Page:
A Chinese cup carved from rhinoceros horn is expected to bring up to CDN$10,000 in a forthcoming sale of Asian art and antiques on May 24.
The 300 year old cup, shaped in the form of a lotus pad, is believed to have been produced in the 17th or 18th century. A monkey and a lion grasp the simply carved base, on which the lotus is supported.
A guide price of CDN$5,000-10,000 has been set for the piece, but Paul Fraser Collectibles expects this item to beat its estimate, given auction precedents for rhino horn objects. An intricately carved libation cup, dating from the same period, brought $270,000 to another auction in March this year, beating its estimate by 8%.
The trade in rhinoceros horn was made illegal in 1976, in an effort to conserve what remains of the decreasing population. New horns are strictly forbidden at auction, however confirmed antiques are deemed to be acceptable. Rhino horn is in great demand throughout Asia due to its supposed healing properties.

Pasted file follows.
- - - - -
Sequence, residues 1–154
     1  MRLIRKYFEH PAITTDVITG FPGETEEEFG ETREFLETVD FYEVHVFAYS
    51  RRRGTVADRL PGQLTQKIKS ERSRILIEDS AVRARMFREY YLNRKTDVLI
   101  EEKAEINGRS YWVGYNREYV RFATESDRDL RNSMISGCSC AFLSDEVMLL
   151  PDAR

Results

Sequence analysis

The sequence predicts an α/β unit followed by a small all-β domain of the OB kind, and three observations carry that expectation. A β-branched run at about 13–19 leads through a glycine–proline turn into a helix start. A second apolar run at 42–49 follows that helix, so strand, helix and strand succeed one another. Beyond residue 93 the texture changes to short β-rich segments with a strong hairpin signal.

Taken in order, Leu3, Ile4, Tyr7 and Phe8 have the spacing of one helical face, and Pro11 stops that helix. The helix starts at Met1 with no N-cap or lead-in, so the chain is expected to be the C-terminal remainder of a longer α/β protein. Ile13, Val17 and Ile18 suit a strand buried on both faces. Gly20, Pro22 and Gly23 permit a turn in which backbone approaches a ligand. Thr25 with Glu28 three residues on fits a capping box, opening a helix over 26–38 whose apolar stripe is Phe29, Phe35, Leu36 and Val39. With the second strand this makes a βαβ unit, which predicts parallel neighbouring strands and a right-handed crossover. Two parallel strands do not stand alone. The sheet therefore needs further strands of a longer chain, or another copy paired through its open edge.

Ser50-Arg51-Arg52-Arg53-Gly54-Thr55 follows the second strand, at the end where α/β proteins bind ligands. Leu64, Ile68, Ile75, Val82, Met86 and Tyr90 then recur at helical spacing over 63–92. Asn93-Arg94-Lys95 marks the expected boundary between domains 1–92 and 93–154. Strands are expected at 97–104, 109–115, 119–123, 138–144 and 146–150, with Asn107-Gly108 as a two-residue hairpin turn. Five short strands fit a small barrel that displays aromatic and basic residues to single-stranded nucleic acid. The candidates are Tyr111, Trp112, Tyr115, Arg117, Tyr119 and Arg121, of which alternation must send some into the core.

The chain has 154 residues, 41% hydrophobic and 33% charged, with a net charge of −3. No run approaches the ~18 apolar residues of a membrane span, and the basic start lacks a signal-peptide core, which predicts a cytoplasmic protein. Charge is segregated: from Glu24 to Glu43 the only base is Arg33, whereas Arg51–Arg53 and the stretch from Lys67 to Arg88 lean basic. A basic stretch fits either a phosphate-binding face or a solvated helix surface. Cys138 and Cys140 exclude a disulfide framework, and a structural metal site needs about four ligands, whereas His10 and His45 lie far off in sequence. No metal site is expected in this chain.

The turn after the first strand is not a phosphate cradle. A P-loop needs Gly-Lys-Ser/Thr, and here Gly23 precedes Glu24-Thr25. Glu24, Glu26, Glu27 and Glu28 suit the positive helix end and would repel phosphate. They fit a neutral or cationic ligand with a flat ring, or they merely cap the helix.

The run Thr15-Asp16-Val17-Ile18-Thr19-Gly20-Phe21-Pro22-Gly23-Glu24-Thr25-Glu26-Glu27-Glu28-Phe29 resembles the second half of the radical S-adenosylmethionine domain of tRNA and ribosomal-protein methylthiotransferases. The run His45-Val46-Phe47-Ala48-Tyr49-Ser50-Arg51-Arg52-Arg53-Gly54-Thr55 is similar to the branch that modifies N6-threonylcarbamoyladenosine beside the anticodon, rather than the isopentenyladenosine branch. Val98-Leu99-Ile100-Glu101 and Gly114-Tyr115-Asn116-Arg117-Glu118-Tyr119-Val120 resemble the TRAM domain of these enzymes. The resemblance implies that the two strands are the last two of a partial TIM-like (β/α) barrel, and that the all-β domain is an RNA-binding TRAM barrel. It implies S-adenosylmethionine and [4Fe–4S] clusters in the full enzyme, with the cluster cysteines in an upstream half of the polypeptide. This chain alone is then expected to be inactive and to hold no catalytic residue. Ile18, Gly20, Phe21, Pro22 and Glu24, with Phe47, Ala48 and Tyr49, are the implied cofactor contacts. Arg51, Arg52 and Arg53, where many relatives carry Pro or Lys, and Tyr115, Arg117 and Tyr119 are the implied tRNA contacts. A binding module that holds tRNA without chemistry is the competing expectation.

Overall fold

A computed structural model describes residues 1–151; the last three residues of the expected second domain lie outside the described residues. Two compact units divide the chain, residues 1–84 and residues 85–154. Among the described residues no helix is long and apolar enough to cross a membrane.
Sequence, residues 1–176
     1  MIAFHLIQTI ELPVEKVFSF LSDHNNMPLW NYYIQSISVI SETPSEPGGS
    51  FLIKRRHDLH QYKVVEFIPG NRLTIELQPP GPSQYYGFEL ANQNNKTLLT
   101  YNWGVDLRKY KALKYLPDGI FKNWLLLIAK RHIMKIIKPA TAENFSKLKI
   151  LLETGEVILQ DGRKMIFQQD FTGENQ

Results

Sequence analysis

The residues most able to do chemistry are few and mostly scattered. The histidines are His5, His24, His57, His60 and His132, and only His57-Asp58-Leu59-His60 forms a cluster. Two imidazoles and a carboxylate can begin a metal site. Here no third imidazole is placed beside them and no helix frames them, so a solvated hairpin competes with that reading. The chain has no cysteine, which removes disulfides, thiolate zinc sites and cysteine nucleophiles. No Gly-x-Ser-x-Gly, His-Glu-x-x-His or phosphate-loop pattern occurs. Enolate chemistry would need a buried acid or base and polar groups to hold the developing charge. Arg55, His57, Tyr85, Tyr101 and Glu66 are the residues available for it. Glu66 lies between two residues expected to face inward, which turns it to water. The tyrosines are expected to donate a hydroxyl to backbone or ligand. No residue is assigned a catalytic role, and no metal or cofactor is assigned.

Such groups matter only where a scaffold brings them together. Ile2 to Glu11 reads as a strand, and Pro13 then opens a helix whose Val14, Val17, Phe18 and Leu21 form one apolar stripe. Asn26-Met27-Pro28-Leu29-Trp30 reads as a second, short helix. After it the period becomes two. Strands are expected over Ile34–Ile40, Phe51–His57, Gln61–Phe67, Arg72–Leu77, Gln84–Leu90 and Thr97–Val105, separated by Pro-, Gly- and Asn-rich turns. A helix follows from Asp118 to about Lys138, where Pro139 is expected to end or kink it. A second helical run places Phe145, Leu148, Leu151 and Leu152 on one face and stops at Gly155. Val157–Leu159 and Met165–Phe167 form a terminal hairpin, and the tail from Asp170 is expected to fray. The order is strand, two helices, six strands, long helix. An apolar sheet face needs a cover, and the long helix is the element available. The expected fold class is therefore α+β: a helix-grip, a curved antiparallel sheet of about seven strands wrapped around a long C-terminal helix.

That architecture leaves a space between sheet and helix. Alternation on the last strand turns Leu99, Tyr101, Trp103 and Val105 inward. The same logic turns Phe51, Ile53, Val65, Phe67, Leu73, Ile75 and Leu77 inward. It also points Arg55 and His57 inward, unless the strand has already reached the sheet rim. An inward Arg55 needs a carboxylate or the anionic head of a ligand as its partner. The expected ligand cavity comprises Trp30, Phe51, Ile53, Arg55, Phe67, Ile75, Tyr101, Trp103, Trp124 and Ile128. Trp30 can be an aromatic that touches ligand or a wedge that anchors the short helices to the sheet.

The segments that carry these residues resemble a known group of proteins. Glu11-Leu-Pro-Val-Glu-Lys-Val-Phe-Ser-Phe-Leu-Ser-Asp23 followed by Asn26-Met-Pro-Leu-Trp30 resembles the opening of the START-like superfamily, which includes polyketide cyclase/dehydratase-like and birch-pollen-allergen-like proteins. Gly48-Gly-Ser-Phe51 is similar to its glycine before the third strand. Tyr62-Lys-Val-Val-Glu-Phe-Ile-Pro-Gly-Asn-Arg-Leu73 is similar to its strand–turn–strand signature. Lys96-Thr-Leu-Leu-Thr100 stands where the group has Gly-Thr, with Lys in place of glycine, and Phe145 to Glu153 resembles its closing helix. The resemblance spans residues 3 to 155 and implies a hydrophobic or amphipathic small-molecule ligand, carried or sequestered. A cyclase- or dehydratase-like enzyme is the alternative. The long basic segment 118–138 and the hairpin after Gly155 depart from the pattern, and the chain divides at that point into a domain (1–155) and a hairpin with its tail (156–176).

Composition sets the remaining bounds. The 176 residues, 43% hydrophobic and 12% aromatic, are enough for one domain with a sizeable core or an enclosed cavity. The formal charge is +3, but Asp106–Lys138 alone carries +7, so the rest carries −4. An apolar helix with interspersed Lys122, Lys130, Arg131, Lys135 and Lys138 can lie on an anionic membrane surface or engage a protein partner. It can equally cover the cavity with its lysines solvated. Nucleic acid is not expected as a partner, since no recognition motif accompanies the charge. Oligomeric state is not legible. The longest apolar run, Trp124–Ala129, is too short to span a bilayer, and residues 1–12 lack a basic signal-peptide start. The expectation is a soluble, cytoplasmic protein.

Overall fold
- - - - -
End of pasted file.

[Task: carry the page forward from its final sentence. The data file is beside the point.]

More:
The lotus cup will be joined at auction by a rhino horn carved seal, featuring writhing dragons, which is expected to sell for CDN$1,000-2,000.
Also featuring will be a Ming dynasty gilt medicine Buddha statue, which is expected to make CDN$5,000-7,500. The lavish figure sees Buddha seated in the vajrasana position on a double lotus pedestal, his hands set in a classic meditative pose.
You can find more information on the fascinating market for rhino horn antiques here. Paul Fraser Collectibles will be bringing you the results from the auction as soon as they happen.